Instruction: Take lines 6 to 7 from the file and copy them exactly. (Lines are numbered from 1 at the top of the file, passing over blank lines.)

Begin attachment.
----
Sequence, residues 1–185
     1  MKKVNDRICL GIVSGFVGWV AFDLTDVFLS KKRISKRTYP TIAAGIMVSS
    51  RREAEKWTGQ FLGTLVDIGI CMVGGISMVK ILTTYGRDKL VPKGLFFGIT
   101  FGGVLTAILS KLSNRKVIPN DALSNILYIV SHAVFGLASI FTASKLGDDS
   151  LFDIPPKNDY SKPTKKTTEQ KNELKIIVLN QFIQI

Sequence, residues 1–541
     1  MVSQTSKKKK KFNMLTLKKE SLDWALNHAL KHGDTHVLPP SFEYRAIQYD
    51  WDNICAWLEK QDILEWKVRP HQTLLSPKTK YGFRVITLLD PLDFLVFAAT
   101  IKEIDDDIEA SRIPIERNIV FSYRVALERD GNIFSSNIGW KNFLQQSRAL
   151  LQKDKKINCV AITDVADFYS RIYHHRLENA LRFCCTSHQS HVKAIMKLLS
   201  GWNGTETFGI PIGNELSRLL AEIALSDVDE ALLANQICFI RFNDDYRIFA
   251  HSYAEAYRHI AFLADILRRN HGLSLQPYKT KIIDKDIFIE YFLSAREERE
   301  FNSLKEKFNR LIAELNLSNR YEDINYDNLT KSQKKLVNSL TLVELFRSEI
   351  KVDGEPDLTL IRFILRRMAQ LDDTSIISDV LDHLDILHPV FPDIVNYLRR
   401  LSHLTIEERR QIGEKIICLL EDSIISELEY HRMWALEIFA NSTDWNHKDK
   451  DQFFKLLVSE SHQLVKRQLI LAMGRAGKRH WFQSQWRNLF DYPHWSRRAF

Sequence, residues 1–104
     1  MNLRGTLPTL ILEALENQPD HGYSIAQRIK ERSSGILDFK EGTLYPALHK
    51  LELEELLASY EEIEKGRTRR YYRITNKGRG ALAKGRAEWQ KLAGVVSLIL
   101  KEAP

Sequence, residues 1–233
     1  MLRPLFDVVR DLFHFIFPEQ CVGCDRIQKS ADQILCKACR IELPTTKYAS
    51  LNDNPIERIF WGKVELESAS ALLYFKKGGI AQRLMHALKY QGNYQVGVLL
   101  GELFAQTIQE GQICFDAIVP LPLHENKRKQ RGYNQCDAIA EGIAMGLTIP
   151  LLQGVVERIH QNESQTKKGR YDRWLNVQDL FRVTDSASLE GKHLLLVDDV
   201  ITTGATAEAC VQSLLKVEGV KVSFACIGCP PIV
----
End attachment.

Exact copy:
Sequence, residues 1–541
     1  MVSQTSKKKK KFNMLTLKKE SLDWALNHAL KHGDTHVLPP SFEYRAIQYD